We develop a new methodology best suited to the identification of thermostabilizing mutations for an intrinsically stable membrane protein. The recently discovered thermophilic rhodopsin, whose apparent midpoint temperature of thermal denaturation Tm is measured to be ∼91.8 °C, is chosen as a paradigmatic target. In the methodology, we first regard the residues whose side chains are missing in the crystal structure of the wild type (WT) as the "residues with disordered side chains,"which make no significant contributions to the stability, unlike the other essential residues. We then undertake mutating each of the residues with disordered side chains to another residue except Ala and Pro, and the resultant mutant structure is constructed by modifying only the local structure around the mutated residue. This construction is based on the postulation that the structure formed by the other essential residues, which is nearly optimized in such a highly stable protein, should not be modified. The stability changes arising from the mutations are then evaluated using our physics-based free-energy function (FEF). We choose the mutations for which the FEF is much lower than for the WT and test them by experiments. We successfully find three mutants that are significantly more stable than the WT. A double mutant whose Tm reaches ∼100 °C is also discovered.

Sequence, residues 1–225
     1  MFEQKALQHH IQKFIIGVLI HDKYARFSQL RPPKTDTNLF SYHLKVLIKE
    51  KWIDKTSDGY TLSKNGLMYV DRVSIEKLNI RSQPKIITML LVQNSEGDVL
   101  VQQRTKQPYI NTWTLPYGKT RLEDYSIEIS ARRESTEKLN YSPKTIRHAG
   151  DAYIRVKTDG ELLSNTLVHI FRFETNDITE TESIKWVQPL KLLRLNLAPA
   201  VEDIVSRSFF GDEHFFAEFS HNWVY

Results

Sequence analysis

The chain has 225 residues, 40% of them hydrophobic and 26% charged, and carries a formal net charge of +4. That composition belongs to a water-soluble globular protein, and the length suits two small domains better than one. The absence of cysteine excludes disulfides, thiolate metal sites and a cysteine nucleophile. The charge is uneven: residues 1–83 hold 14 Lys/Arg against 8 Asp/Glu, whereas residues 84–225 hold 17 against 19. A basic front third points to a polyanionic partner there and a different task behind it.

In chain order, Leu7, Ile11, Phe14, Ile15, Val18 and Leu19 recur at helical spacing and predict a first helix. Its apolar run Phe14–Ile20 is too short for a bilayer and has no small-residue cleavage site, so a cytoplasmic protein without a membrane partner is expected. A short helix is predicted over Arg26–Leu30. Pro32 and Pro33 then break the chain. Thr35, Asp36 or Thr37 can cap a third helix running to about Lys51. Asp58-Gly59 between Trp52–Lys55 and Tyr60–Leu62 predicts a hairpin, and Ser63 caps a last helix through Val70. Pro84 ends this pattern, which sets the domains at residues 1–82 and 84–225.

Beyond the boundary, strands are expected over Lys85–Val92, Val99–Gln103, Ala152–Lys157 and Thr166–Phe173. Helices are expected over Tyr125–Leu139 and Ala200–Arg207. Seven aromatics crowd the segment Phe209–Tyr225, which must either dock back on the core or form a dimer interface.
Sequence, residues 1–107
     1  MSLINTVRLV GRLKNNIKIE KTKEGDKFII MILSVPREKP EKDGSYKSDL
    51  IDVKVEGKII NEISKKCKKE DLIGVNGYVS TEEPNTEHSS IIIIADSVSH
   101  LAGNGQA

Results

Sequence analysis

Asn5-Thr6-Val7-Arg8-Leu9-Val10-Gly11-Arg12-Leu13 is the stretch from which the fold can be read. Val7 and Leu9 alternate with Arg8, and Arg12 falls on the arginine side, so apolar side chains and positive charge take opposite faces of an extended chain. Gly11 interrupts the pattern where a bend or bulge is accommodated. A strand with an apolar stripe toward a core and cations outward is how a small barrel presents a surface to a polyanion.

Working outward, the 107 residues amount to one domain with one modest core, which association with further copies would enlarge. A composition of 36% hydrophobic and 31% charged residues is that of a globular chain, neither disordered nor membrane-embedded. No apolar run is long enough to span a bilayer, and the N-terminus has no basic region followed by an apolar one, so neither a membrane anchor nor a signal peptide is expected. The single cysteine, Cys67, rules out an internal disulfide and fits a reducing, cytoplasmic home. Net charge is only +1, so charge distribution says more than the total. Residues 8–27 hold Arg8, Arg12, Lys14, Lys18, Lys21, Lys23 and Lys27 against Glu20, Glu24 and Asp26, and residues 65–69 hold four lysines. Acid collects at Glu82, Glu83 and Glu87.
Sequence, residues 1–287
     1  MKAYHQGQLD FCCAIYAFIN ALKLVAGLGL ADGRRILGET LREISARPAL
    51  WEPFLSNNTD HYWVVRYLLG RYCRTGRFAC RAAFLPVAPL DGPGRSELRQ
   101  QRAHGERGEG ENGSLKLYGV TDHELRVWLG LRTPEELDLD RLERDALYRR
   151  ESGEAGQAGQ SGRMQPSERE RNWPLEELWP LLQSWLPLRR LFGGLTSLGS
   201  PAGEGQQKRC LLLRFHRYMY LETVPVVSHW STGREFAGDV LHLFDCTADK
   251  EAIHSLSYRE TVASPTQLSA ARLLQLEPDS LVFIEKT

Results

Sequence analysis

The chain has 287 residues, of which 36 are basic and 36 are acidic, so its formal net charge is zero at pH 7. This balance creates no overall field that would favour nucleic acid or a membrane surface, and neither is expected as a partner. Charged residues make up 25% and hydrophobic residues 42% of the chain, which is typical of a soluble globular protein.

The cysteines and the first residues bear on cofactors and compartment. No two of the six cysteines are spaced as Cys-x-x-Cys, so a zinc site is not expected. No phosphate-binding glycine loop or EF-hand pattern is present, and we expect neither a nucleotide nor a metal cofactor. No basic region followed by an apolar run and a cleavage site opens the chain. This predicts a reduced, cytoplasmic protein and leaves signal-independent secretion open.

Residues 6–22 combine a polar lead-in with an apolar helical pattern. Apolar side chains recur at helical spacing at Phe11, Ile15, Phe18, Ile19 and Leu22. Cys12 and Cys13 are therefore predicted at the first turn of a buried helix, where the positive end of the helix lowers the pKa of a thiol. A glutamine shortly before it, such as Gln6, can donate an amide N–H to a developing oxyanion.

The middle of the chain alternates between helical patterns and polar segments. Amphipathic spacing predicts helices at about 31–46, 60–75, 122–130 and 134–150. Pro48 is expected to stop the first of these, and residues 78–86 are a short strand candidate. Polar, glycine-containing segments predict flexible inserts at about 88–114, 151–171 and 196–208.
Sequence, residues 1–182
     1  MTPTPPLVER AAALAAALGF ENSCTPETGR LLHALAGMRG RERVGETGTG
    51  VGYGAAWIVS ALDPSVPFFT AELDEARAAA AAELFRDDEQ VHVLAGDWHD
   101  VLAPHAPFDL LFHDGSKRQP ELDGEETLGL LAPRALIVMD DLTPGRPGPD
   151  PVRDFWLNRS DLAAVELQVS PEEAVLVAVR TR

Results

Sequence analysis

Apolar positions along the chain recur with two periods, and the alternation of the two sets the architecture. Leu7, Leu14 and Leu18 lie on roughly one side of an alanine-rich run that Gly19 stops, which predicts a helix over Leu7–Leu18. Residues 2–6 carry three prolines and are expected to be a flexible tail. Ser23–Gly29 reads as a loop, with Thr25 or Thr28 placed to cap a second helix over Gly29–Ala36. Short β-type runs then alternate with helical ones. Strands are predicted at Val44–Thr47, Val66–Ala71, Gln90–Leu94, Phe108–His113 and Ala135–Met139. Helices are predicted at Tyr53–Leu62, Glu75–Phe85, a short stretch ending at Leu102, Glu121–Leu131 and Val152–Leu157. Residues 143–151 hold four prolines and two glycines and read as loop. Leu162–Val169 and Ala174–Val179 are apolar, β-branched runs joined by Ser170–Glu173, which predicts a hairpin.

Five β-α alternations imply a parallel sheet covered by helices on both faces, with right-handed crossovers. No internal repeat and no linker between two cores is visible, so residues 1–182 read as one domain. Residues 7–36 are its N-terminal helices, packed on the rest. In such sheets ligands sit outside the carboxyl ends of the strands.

ASJC Scopus subject areas
- Chemical Engineering(all)
- Computer Science Applications
- Library and Information Sciences